Legal Twist: Golfer Scottie Scheffler Cleared as Prosecutors Drop Charges

We who chanted “Free Scottie”, have achieved our goal. Scottie Scheffler was cleared of all charges by prosecutors after a miscommunication between him and the traffic police led to his arrest in May.

The Athletic Reports:

Jefferson County prosecutors dropped charges against world No. 1 golfer Scottie Scheffler on Wednesday, as county attorney Mike O’Connell said the office would not pursue criminal action following Scheffler’s arrest during a traffic jam outside the PGA Championship.

O’Connell moved to dismiss the case in open court. He said that Scheffler’s claim that the whole thing was a misunderstanding “is corroborated by the evidence.”

According to ESPN, “The evidence that we reviewed supports the conclusion Detective [Brian] Gillis had concerns for the public’s safety when he made contact with Mr. Scheffler,” O’Connell stated. “However Mr. Scheffler’s actions and evidence surrounding their exchange in this misunderstood do not satisfy any elements of a criminal offense.”

O’Connell said that Scheffler could sue the police or city if so desired. At the time this article was written, it wasn’t known if he or his lawyers would file civil lawsuits.

Scheffler, who was driving to Valhalla Golf Club to play the second round of PGA Championship in the second half of May 17, encountered stopped traffic because a pedestrian had been killed. He claimed that an officer had told him to go around the traffic in order to get to the clubhouse before the deadline, but Gillis pulled Scheffler out of his car and arrested him.

Gillis did not have his bodycam on at the time, which is against police protocol. However, he claims that Scheffler was speeding up as he approached Scheffler’s car and dragged the officer down. Gillis claimed that Scheffler had dragged him to the ground as he approached the car.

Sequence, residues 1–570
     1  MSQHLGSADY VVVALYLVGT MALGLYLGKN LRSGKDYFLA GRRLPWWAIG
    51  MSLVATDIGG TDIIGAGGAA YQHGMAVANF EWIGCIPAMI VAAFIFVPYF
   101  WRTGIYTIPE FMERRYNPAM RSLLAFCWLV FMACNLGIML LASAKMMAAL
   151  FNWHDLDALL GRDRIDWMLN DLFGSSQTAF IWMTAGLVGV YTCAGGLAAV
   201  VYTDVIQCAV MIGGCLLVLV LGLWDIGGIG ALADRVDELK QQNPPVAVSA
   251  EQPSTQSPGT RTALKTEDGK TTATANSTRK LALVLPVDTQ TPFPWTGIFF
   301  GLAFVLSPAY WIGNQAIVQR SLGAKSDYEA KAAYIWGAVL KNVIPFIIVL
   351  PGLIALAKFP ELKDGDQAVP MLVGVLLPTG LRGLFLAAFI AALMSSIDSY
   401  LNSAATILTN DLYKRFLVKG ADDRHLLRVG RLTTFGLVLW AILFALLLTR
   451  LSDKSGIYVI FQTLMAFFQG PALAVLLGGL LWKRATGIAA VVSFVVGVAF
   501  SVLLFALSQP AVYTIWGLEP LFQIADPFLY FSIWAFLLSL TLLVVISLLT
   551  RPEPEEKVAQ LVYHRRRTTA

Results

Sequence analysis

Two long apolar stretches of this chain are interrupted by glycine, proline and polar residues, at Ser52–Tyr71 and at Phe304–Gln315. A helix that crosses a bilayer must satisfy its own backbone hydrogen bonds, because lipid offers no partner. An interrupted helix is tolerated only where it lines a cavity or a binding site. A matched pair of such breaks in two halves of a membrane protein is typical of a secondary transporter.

The footage taken from different angles did not match the story told by Gillis. The dashcam footage and pole camera video of the police do not show Scheffler pulling Gillis behind his car.

Scheffler insisted that the entire incident was a misunderstanding from the moment it happened. He said that he did not try to play “don’t know who I am”, even though Gillis claimed Scheffler had “demanded that they let him in and went forward against my instructions.”

Jacquelyn Villaroel, the chief of the Louisville Metro Police Department, told the media in a statement that Gillis had “received corrective action” for violating the department’s rules regarding uniforms and equipment. This was recorded on a form of performance observation in accordance with the department’s discipline protocol.

Steven Romines, Scheffler’s lawyer, insisted that both he and Scheffler would fight charges brought against him. One of the charges was a felony. Romines said to the media the week following the arrest: “We are not interested in settling this case.” Either we will try the case or dismiss it. “It’s so simple.”